|We've seen a million chickens so far, but yes we will go on your chicken tour.|
|Coffee time, supporting local farmers.|
|Try cooking with these four vultures sneezing all over your food.|
|The face says it all.|
By now we had made our way into the Colombian Highland region, a very beautiful landscape of mountains loaded with well maintained farms, pastures, and well preserved Spanish style colonial towns. The town of Barichara is arguably the most picturesque of the country, so it wasn't long before we found ourselves bouncing our way into this town on streets built way before the idea of cars and the destruction of their shocks ever came to mind. Of course, we had highlighted this town in our book long ago with an additional note saying "camp on side of cliff". We walked all through the cobblestone streets, seeking out some stellar local specialties, and even strolled into a building full of old folks making craftwork in antiquated fashion. The town presented so many perfect opportunities to practice our skills on the new camera... every picture resulting in a "man we are sooo happy we got a new camera for this!" We had to be aware though, getting caught up in gazing at the rolling town and green hillsides can lead to an almost pee your pants scare when a huge barking dog head comes at your face as you walk innocently down the sidewalk!
|The big one scared Mallary, then she scared the whole town with her out of this world scream|
|Torture device or weaving machine?|
|$4 per plate, tasted like 15!|
That night we pulled up to the cliffside overlooking the mountains and canyon in the back of town, and had yet another amazing and free place to make camp. Throughout the evening many friendly locals approached us for a quick chat as we cooked up some wonderful fresh Colombian veggies, and then later in the night (3am actually) the friendly police approached us for a quick questioning! :/ At the time we were fast asleep, until their high beams illuminated every inch of the car, quickly followed by bright red and blue lights... the international sign that you're in trouble! After circling the car suspiciously, they glanced in through one of our screens asking, "What are you doing here?" "Umm, we are sleeping" "Okay, well have a nice night!" We suspect they were investigating a random abandoned vehicle, not expecting us to be sleeping inside... But who knows?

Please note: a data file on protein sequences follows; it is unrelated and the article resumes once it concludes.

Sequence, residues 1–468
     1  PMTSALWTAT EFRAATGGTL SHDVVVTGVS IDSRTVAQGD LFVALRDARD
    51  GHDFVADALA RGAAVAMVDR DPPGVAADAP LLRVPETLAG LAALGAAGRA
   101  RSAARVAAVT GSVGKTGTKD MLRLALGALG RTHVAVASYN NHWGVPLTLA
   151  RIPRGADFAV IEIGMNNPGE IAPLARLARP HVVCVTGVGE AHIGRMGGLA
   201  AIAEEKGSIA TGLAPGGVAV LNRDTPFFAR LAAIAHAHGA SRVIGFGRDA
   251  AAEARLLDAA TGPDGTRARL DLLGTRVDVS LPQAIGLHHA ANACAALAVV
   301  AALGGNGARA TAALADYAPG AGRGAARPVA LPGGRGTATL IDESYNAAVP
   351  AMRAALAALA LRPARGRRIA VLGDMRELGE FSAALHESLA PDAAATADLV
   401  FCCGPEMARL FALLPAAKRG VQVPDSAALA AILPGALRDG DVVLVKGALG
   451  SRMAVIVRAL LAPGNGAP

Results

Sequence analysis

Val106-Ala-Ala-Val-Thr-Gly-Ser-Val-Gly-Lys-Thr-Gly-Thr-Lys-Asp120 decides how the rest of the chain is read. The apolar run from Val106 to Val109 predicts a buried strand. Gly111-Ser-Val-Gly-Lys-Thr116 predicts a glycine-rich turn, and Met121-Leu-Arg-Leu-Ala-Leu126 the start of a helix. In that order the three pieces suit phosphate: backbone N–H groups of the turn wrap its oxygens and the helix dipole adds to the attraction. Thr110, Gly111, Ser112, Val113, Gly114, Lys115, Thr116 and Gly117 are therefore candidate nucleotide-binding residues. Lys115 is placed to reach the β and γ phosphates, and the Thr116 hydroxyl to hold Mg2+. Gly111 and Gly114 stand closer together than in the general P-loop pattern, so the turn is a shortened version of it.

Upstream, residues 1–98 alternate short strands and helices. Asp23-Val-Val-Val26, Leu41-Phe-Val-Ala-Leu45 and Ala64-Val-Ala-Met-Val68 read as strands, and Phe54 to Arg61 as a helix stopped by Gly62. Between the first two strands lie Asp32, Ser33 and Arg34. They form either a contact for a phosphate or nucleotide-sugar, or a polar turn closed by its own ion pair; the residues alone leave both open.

Even though modern roads traverse the region, the villages are still connected by footpaths (camino reales) that go back hundreds of years. We woke up the next morning and set out one of the more popular caminos that would bring us to Guane, a town known for it's own version of eggnog, goats milk, and goat cheese. The trail was pleasant on the eyes, mostly lined by old rock walls and meandered along a multitude of farms. It was fitting that halfway into the hike, we caught up with a goat rancher herding his flock of thirty or so goats towards Guane. He was thrilled to have us around, and even snatched up the smallest of the babies and shoved it into Mallary's arms. Meanwhile, mama goat was going buck wild with hatred. We spent close to an hour walking with him, learning more info then necessary about goat ranching....about 60% of which we understood through his thick country accent. When we got to Guane, the goats ran home, and our new friend directed us to the best goat cheese in town, which we gobbled down on the hike back!
Chris had been eyeing a place called El Cocuy National Park for a couple years, so next we are off to even bigger mountains, where we would soon feel like we turned back the hands of time at a rustic hacienda...